What is Brachial Plexus Avulsion?
You may notice that your canine begins to limp or have a limb that drops. This may follow an injury and may impact any of his limbs. The drop may be a noticeable inability in flexing and controlling the limb and therefore it just hangs there.
This injury can look similar to a less severe injury, or your canine may not want to put pressure on a broken bone or cut. Your canine may not appear to be in any pain making it difficult to identify what is going on.
The brachial plexus are the last 3 cervical and first 2 thoracic nerves in your canine’s spine which impacts his shoulders. When these nerves are torn, ripped or injured it is referred to as an avulsion. This tends to happen if your canine is hit by a car, or if he falls and there is displacement of the thoracic (backbone) limbs.
Symptoms of Brachial Plexus Avulsion in Dogs
Symptoms will include the loss of use of your canine’s limbs, changes in his behavior, and other possible medical symptoms.
- Horner’s Syndrome (drooping eye, small pupil, sunken in eye, prominent third eyelid)
- Paralysis of a limb
- Difficulty controlling a limb
- Limbs dragging
- Not putting weight on a limb
- Lack of pain or significant pain when examined
There are three types of brachial plexus avulsion and they are dependent on what part of the spine is impacted.
Cranial avulsions (C6-C7)
- Few clinical signs and symptoms
- Your canine will most likely be able to bear weight on the limb
- Loss of shoulder movement
Caudal avulsions (C8-T2)
- More common
- Cause severe clinical signs
- Your canine may not be able to extend his elbow or bear weight
- Dragging of the limb
- May carry the limb flexed off the ground
Complete avulsions (C6-T2)
- Sensory signs are common
- Partial Horner’s Syndrome
Causes of Brachial Plexus Avulsion in Dogs
The cause of brachial plexus avulsion is typically an injury, however there are other causes of the condition as well:
- If your canine was hit by a car
- If your canine fell from a significant height
- If your canine was grabbed incorrectly or roughly
- Neuromuscular disease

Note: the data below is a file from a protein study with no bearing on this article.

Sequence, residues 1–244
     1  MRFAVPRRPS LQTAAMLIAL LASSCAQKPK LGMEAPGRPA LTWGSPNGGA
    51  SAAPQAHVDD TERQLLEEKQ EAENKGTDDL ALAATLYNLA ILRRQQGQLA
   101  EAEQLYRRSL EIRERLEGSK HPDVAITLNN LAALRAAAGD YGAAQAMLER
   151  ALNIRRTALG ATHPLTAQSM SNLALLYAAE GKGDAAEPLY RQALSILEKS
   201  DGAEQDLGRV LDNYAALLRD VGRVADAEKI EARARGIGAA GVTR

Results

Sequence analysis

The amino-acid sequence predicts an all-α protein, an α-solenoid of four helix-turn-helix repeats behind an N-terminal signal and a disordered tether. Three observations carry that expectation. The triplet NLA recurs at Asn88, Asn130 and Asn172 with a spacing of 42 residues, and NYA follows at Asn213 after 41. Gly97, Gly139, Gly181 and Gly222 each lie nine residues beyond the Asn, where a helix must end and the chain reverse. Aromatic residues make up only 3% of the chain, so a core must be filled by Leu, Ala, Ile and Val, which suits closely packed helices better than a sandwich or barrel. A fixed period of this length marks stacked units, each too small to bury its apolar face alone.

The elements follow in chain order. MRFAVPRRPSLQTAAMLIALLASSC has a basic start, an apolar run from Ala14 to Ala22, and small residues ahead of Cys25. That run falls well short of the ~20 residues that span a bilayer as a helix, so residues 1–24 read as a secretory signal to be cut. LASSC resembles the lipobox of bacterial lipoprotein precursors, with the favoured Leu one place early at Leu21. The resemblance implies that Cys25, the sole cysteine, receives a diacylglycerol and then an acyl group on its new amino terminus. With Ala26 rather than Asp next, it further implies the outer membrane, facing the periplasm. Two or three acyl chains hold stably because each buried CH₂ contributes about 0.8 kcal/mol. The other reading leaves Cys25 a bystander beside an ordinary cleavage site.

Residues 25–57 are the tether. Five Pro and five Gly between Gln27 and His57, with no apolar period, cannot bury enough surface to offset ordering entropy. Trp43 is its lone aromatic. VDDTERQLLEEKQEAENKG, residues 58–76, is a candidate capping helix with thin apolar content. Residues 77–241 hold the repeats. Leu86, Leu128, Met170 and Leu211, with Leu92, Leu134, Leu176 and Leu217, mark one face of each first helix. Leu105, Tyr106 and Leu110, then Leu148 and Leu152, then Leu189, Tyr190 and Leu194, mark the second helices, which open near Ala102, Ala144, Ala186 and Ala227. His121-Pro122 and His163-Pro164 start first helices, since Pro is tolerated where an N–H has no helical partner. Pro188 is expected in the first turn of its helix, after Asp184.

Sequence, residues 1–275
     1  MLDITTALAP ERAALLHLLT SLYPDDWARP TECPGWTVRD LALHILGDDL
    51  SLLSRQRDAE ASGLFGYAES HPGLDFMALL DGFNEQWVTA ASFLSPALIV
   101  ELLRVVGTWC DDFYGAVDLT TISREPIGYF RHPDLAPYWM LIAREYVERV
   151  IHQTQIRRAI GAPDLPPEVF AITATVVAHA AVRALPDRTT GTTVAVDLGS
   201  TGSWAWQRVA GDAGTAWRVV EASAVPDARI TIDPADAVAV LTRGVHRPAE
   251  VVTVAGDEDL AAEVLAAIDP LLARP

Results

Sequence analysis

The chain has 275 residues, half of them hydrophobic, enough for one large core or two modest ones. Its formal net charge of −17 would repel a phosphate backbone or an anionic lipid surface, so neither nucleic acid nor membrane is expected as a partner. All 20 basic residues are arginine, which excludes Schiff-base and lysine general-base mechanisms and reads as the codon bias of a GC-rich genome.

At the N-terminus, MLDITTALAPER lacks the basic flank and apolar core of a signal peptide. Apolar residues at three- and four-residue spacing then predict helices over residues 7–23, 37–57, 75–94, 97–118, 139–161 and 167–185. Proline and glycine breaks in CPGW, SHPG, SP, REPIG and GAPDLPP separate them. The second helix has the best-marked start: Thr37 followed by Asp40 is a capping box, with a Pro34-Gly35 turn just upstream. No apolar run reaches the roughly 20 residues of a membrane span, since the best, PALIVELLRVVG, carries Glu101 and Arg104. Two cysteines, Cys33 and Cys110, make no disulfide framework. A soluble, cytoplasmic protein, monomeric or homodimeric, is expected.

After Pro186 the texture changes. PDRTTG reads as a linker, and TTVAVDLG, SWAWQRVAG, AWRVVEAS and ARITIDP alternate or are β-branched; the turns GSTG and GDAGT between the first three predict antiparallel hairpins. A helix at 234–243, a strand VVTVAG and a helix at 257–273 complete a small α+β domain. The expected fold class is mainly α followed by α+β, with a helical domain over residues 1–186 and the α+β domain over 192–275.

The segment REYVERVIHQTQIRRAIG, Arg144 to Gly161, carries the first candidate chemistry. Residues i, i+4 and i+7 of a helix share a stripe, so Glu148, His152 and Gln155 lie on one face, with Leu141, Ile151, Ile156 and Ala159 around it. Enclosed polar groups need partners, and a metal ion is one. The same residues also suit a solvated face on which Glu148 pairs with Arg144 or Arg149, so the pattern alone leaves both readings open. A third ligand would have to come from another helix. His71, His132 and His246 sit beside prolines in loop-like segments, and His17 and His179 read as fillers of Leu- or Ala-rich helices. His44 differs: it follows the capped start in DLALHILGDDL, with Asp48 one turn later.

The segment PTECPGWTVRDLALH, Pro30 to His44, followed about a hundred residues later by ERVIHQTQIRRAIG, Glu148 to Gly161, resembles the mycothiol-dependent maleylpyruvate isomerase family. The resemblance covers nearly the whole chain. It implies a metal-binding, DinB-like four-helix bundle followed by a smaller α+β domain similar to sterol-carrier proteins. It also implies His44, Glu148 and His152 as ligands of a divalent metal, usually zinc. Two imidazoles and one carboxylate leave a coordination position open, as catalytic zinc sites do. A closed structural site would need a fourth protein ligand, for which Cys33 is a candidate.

- Endocrine system disorders
- Immunization side effect
Diagnosis of Brachial Plexus Avulsion in Dogs
If you begin to notice that your canine is not putting weight on a limb, dragging a limb, or if there was recent injury, you will want to contact your veterinarian. It will be important to go to your veterinarian or emergency veterinarian prepared to share any recent injuries, falls or events such as if your canine was hit by a car.
Your veterinarian will want to perform a full body exam to determine any obvious injuries or signs of brachial plexus avulsion. Your veterinarian will want to test your canine’s nerve reactions and see if there is any damage. This may include testing if your canine feels pain when pinched or poked.
Your veterinarian may want to perform an MRI as it is the imaging tool of choice to determine a brachial plexus injury. Electrodiagnosis testing can also be performed, this test will involve inserting a needle into your canine’s muscle to see how it responds to stimuli. This will help your veterinarian to determine the cause of your canine’s limb concerns 7 to 10 days’ post injury.
Treatment of Brachial Plexus Avulsion in Dogs
Treatment options are unfortunately limited and long term prognosis is not promising. Your veterinarian may suggest surgery to try and correct some of the damage done to your canine’s nerve endings. It should be noted that if it is a full avulsion (full tearing of your canine’s nerve endings from the spinal cord) the prognosis is poor.
Surgery can be done to repair some of the damage done to your canine’s nerve endings. Some of the surgery options are: coaptation splintage, tendon transposition, nerve transposition, ankyloses and amputation. The splintage is done to prevent your canine from harming his limb and is done along with physical therapy and anti-inflammatory medications.
Tendon transposition is done by cutting the tendons and either reconnecting them or loosening them to provide your canine with more use of the limb. Nerve transposition is done by reattaching the nerves to other places to try and provide your canine with some of use of his limbs. Amputation may be suggested if your canine will be dragging the limb causing it ongoing injury or if he is self-mutilating the limb. Long term prognosis is poor for full avulsion, however for partial there is a possibility for recovery with treatment.
Recovery of Brachial Plexus Avulsion in Dogs
Your canine will most likely need ongoing care depending on the severity of his brachial plexus injury. These appointments will be done to determine his condition is getting any worse or if there is any improvement.
Should he have surgery there will be follow up need per the direction of your veterinarian. A full recovery can be expected within 2 months of surgery. Your veterinarian may also suggest physical therapy once surgery is done and also to try and recover some function.